The advantage of these tokens is that they could allow investors earlier exit strategies through sales via security-compliant cryptocurrency exchanges compared to the generally multi-year investor partnerships required in traditional finance.
In a Security Token Offering firms would not be limited to conducting their funding raise in Bitcoin, Ether, or any other platform’s native token like the ICOs of old but could issue their own ‘coins’ or ‘tokens’ directly to investors in exchange for direct contributions of USD (or equivalent). This could mean comparatively reduced demand for Bitcoin, Ether, and others that were previously required as investment precursors — though that isn’t to say STOs wouldn’t be hosted on the Ethereum network.
This move to compliant STOs is, perhaps, a natural result of consumer resistance to the late generation of ICOs where historically around 80% have turned out to be scams, just 8% ever hit an exchange, and only 1.9% have had any semblance of success — which, ignoring the scams, is a microcosm of the failure rates that we see in the traditional business world to be fair. This coincides with a history of extreme price volatility and lacking fundamentals, a high attrition rate for weaker hands, and dumping by ICO projects cashing out their investor funds — exacerbating the industry-wide price collapse to leave their investors holding the bag.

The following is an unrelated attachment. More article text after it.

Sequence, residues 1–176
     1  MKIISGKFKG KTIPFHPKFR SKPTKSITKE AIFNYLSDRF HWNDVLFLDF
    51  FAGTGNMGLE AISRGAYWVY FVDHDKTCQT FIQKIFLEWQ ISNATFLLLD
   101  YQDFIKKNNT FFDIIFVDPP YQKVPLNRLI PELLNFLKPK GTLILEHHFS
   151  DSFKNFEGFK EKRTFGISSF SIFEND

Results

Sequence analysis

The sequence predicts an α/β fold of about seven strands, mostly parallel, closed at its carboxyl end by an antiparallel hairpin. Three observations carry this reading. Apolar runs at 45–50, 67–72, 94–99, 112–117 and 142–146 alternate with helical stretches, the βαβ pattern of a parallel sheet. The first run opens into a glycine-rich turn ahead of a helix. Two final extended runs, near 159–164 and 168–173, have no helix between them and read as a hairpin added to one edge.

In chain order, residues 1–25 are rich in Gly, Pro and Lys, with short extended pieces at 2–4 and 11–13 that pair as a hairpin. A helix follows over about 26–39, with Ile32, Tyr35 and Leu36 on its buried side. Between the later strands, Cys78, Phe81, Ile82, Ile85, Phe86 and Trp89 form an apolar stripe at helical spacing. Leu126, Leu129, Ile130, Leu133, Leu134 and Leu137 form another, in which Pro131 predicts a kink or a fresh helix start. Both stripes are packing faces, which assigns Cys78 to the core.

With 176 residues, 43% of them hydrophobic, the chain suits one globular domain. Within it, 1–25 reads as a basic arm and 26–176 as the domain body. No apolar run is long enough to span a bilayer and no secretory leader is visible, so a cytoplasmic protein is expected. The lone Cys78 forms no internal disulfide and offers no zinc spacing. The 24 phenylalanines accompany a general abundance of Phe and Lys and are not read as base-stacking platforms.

It should come as no surprise that blockchain businesses are increasingly concerning themselves with the likelihood that they will be subject to punitive and oppressive retrospective penalties and regulations by governments of countries that they raised money from, and newer entrants are looking at ways to remain compliant with local laws.
While STOs private placement can be more cumbersome than an ICO, one positive outcome is a move to vastly increased quality, since regulated offering models see businesses (as opposed to ‘projects’) accountable to investors in providing sustainable business models, which will require avenues to actually sell blockchain products to consumers. As it stands, the majority of private equity sales never reach their funding targets, being restricted to a more sophisticated pool of investors whose due diligence process generally takes longer to make investment decisions than a one hour scan of a marketing ‘whitepaper’ that is intentionally empty of meaning and details. Investors of this ilk will be disinterested in separating with money for the sake of a token that only differentiates itself in how its internal economy functions as a financial product, which itself has no intrinsic worth.
It would appear that the innovative Initial Coin Offering is going to begin looking a lot more like traditional capital markets, before it becomes truly revolutionary.